Professor Matti Lassas' partners in the development of artificial wormholes are Professors Allan Greenleaf of the University of Rochester, Yaroslav Kurylev of University College London and Gunther Uhlmann of the University of Washington.

Sources:
1. A. Greenleaf, Y. Kurylev, M. Lassas, G. Uhlmann: Electromagnetic wormholes and virtual magnetic monopoles from metamaterials. Physical Review Letters 99, 183901
2. A. Greenleaf, Y. Kurylev, M. Lassas, G. Uhlmann: Full-wave invisibility of active devices at all frequencies. Communications in Mathematical Physics 275 (2007), 749-789.
3. D. Schurig et al. Metamaterial electromagnetic cloak at microwave frequencies, Science 10 November 2006: Vol. 314. no. 5801, pp. 977- 980
4. Light wormholes could wire space invisibly, Nature 450, 330-331 (2007), Published online 14 November 2007

More information and photos:
http://www.rni.helsinki.fi/~mjl/invisibility_publications.html
-Professor Matti Lassas, Helsinki University of Technology, Institute of Mathematics, tel. +358 9 4513 069 or +358 50 567 4417, email: , http://www.math.hut.fi/~mjlassas

####

For more information, please click here

Contacts:
Academy of Finland Communications
Communications Specialist Leena Vähäkylä
tel. +358 9 7748 8327


Hannu Nokso-Koivisto

Copyright © Academy of Finland

If you have a comment, please Contact us.

Issuers of news releases, not 7th Wave, Inc. or Nanotechnology Now, are solely responsible for the accuracy of the content.

Bookmark:
Delicious Digg Newsvine Google Yahoo Reddit Magnoliacom Furl Facebook

Related News Press

Possible Futures

European roadmap for graphene science and technology published February 25th, 2015

Quantum research past, present and future for discussion at AAAS February 16th, 2015

World’s first compact rotary 3D printer-cum-scanner unveiled at AAAS by NTU Singapore start-up: With production funded by crowdsourcing, the first unit will be delivered to the United States in March February 16th, 2015

Nanotechnology Electric Vehicle (EV) Market Analysis Report 2015: According to Radiant Insights, Inc February 13th, 2015

Announcements

Leti to Offer Updates on Silicon Photonics Successes at OFC in LA February 27th, 2015

Moving molecule writes letters: Caging of molecules allows investigation of equilibrium thermodynamics February 27th, 2015

Untangling DNA with a droplet of water, a pipet and a polymer: With the 'rolling droplet technique,' a DNA-injected water droplet rolls like a ball over a platelet, sticking the DNA to the plate surface February 27th, 2015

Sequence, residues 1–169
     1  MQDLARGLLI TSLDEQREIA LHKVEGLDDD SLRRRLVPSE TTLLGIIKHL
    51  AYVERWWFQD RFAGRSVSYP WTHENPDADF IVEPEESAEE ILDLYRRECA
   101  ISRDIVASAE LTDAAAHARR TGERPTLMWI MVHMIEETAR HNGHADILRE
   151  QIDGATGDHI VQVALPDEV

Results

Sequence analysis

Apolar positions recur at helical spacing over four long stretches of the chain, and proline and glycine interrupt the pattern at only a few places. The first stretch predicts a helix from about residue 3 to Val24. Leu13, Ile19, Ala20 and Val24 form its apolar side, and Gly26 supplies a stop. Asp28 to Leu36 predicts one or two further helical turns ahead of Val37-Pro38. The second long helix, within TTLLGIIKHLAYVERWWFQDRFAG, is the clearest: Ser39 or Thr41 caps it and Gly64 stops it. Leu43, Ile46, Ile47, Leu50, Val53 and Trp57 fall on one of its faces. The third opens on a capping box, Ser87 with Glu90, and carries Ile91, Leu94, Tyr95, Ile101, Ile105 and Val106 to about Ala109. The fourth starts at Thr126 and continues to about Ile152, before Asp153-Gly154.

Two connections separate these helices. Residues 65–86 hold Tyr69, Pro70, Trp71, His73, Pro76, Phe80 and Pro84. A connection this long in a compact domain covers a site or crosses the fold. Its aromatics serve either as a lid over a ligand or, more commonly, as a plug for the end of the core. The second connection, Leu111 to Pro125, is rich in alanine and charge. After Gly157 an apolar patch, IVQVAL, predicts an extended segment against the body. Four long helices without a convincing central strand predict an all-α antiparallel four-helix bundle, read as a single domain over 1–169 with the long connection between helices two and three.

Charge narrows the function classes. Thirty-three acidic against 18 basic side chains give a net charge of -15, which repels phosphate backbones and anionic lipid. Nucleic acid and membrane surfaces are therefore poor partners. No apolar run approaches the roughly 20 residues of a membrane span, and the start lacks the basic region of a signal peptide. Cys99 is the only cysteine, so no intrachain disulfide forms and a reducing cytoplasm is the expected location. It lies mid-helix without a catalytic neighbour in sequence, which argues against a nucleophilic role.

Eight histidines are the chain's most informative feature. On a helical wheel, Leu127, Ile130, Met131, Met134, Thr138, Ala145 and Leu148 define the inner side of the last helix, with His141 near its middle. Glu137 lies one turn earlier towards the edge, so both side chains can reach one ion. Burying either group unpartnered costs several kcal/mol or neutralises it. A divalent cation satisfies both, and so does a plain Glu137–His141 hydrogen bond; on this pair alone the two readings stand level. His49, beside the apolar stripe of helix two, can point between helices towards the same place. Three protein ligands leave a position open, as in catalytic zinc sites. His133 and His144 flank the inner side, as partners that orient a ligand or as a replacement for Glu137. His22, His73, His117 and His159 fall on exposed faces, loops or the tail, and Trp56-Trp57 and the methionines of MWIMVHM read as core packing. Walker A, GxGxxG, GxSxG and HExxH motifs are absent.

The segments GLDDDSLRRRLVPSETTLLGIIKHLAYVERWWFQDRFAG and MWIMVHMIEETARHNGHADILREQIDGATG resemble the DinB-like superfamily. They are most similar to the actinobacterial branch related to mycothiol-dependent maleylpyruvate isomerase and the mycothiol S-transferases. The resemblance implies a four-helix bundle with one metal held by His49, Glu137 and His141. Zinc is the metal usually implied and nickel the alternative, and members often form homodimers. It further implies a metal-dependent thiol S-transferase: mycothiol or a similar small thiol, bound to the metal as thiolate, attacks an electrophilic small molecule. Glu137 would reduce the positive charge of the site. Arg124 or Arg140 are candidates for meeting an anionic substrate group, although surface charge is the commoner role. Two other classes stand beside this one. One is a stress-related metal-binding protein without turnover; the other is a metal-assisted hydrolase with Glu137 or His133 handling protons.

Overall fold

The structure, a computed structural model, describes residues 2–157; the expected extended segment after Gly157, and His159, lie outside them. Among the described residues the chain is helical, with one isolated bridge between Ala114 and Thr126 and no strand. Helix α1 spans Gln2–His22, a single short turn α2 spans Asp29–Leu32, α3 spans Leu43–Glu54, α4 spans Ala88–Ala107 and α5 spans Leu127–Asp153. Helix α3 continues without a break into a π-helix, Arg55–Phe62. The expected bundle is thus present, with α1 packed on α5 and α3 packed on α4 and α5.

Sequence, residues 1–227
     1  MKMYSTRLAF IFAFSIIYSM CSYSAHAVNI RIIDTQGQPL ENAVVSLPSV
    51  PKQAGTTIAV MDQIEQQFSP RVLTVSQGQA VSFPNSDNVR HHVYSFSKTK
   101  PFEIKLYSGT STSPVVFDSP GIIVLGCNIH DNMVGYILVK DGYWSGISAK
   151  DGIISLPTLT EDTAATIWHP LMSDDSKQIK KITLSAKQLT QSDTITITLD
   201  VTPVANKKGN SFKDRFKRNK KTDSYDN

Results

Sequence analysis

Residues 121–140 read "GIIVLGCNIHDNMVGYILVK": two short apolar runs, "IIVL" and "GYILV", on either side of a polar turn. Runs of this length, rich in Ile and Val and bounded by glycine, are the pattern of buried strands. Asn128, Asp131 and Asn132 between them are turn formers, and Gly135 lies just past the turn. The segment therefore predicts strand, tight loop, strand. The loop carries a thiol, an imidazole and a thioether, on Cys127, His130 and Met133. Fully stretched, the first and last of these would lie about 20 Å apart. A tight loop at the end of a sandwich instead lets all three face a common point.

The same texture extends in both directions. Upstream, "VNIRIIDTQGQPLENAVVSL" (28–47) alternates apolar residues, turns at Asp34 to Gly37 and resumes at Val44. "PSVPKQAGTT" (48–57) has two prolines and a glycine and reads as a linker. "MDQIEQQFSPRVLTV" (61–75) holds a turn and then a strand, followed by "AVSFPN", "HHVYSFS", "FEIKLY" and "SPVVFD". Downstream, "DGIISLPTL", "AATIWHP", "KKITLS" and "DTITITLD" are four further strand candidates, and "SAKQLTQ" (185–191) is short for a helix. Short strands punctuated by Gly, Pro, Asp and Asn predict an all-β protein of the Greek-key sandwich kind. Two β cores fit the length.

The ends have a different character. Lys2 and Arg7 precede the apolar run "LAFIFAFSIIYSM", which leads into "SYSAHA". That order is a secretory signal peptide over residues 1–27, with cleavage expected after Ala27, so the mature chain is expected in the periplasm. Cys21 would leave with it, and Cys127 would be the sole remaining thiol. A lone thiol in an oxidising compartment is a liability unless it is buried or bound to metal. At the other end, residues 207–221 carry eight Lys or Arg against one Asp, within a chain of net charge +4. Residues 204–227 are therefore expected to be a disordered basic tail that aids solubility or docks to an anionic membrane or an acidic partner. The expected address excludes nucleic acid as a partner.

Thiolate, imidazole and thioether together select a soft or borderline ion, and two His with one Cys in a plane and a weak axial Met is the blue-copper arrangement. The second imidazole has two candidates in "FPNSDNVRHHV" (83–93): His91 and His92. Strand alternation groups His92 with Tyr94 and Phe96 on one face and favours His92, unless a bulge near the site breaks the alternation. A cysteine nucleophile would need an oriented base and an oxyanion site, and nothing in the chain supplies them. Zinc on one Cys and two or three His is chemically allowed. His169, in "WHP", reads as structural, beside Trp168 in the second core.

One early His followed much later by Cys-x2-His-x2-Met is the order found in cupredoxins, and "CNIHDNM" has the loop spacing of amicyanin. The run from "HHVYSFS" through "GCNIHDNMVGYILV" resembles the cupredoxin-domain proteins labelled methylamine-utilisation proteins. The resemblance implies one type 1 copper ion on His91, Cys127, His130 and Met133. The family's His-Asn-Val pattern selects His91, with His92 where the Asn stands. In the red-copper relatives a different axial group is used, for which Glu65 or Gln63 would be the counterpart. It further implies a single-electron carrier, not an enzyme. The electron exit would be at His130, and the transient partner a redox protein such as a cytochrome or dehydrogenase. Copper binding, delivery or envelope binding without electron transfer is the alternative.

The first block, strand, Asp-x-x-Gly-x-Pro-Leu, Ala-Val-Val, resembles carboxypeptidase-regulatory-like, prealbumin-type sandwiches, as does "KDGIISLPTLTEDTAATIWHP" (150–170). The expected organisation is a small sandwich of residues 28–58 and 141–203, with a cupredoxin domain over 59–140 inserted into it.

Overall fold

Graphene shows potential as novel anti-cancer therapeutic strategy: University of Manchester scientists have used graphene to target and neutralise cancer stem cells while not harming other cells February 26th, 2015

Military

Simulating superconducting materials with ultracold atoms: Rice physicists build superconductor analog, observe antiferromagnetic order February 23rd, 2015

Perfect colors, captured with one ultra-thin lens: No need for color correction -- Harvard physicists' flat optics, using nanotechnology, get it right the first time February 19th, 2015

Penn researchers develop new technique for making molybdenum disulfide: Extra control over monolayer material with advantages over graphene February 19th, 2015

New nanogel for drug delivery: Self-healing gel can be injected into the body and act as a long-term drug depot February 19th, 2015

Human Interest/Art

2015 Nanonics Image Contest January 29th, 2015

OCSiAl supports NanoART Imagery Contest January 23rd, 2015

EnvisioNano: An image contest hosted by the National Nanotechnology Initiative (NNI) January 22nd, 2015

Oxford Instruments Asylum Research Announces AFM Image Contest Winners January 11th, 2015

NanoNews-Digest
The latest news from around the world, FREE




  Premium Products
NanoNews-Custom
Only the news you want to read!
 Learn More
NanoTech-Transfer
University Technology Transfer & Patents
 Learn More
NanoStrategies
Full-service, expert consulting
 Learn More










ASP
Nanotechnology Now Featured Books




NNN

The Hunger Project







© Copyright 1999-2015 7th Wave, Inc. All Rights Reserved PRIVACY POLICY :: CONTACT US :: STATS :: SITE MAP :: ADVERTISE